Venue TBD -- Check back in October for new venue location and details!
About June 2018's Venue...
On the corner of 21st and Christian Streets in Philadelphia stands a Victorian. In the 1860s, 21st and Christian was at the southwestern outskirts of the city, but at the close of the Civil War the area experienced a building boom. Local leaders of the Episcopal Church, itself a fast-growing congregation, believed the burgeoning area needed its own parish, and chose this site in the midst of what was then a predominantly working-class neighborhood. The Church of the Holy Apostles was established in 1868, initially within a modest frame building. Later that year, church leaders enlisted the firm of Fraser, Furness, and Hewitt to create plans for a new structure. George Hewitt was the primary architect.
The congregation flourished, but what set the church apart was the exponential growth of its Sunday school programs. From only 37 students at the outset, the school grew to nearly 500 students in a few years. The church required additions to its facilities in 1873, 1893, and 1903, and a new tower was built in 1902. Hewitt designed each of these additions. Member George C. Thomas, a banker and missionary who was instrumental to these expansions, also understood the importance of the surrounding neighborhood, and bought some of the nearby houses so as to improve the community; some of the structures were converted into low-cost housing. By 1920, the neighborhood was equipped with the “latest modern improvements” for its “respectable and home-loving” population. By 1918 church membership topped 10,000, and the building’s multiple spaces were adapted for community activities, such as Scouts, men’s and women’s groups, basketball, and Bible reading.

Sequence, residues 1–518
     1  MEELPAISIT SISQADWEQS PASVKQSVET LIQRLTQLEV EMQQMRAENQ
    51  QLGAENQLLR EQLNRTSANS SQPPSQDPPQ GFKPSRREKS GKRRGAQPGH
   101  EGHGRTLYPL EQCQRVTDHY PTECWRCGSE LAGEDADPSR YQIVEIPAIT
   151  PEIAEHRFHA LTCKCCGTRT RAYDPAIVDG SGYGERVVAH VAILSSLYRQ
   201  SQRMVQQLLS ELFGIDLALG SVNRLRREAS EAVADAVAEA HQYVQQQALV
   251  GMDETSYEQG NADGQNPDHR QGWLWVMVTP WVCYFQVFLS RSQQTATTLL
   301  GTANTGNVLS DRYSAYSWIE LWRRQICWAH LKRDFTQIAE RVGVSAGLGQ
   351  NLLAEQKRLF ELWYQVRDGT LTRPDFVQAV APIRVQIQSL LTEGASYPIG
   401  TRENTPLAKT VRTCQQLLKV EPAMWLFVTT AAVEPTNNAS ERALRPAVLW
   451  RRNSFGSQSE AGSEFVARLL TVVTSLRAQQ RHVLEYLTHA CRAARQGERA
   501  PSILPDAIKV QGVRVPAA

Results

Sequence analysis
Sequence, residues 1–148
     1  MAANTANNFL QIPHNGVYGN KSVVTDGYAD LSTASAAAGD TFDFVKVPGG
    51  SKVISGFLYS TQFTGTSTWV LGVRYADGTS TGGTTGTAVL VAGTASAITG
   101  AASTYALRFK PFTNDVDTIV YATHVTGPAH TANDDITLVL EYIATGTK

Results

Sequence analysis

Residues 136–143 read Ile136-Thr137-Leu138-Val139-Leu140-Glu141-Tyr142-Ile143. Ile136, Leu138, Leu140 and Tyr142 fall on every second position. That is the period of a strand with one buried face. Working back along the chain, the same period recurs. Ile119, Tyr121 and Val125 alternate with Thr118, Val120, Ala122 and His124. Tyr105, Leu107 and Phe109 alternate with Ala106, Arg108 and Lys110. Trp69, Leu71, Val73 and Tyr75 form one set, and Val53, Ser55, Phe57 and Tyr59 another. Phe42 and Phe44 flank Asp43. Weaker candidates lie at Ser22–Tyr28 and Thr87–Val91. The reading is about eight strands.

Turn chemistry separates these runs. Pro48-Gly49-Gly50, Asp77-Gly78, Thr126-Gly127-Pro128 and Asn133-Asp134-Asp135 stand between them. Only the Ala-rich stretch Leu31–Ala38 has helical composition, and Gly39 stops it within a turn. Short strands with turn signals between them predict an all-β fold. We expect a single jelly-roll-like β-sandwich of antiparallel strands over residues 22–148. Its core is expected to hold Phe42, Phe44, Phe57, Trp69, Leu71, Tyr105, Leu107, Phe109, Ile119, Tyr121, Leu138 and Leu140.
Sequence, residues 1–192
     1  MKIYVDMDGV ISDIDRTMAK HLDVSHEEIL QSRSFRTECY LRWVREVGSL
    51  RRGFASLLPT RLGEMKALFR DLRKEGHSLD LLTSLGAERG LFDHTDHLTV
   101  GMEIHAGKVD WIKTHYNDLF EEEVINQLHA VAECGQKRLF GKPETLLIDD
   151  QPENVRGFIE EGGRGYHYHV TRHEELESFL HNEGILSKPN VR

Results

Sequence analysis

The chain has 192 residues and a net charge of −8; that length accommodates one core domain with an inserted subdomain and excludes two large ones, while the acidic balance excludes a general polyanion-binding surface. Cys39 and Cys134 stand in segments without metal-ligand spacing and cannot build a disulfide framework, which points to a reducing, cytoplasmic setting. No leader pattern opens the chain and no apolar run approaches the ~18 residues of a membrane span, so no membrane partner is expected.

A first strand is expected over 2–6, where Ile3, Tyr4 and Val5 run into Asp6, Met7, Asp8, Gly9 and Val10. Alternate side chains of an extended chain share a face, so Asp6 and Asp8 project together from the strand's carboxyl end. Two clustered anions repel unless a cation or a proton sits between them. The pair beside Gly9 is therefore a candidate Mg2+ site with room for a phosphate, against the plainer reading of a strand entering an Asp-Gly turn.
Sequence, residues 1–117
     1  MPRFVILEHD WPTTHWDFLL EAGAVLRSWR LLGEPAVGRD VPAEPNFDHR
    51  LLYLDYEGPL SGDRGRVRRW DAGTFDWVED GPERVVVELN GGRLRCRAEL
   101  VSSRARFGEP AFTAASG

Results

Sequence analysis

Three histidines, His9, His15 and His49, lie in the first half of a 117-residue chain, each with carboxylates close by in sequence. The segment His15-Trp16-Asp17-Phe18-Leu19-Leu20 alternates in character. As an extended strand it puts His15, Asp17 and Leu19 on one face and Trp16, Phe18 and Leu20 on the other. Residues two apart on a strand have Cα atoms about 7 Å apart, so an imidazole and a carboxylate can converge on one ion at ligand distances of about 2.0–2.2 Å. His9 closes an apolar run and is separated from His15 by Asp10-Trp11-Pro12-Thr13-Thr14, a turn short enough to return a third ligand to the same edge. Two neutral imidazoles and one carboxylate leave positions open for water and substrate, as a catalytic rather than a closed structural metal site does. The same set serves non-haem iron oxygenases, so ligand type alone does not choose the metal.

Despite the church’s growth, attendance declined in the first half of the 20th century as the fabric of the neighborhood changed. In the face of steadily diminishing membership, the Church of the Holy Apostles relocated in 1945, and Shiloh Baptist Church purchased the building. Shiloh had been founded in 1842 for the city’s African American Baptists in south Philadelphia; one of its first pastors, Jeremiah Asher, was a prominent abolitionist during the Civil War, and according to its records, the church assisted travelers on the Underground Railroad. Having moved through a series of buildings in the area before settling at 21st and Christian, Shiloh quickly instilled itself within the community at its new site; it was home to over twenty groups involved in music, missionary and community work, and church beautification. The church had a packed calendar of events, including visits to other churches, fashion shows, recitals, banquets, children’s programs, guest speakers and musical acts, breakfasts, concerts, and parties. It used each room of the massive church complex, hosting basketball games and the Boy Scouts, and providing roller skating parties in the gymnasium.
At its height, Shiloh served a congregation of roughly 3,000. The new congregation was obliged to renovate and restructure the building to meet their needs, but remarkably, many of the original design elements survive: stained-glass windows, original furniture, tiling, polychromatic brickwork (a Furness signature), and multiple pipe organs. It is the only church designed by Fraser, Furness & Hewitt that is still standing. Like many inner-city churches, Shiloh has seen its membership dwindle over the latter half of the 20th century.
NOTE: Portions of Shiloh Baptist Church are not wheelchair accessible.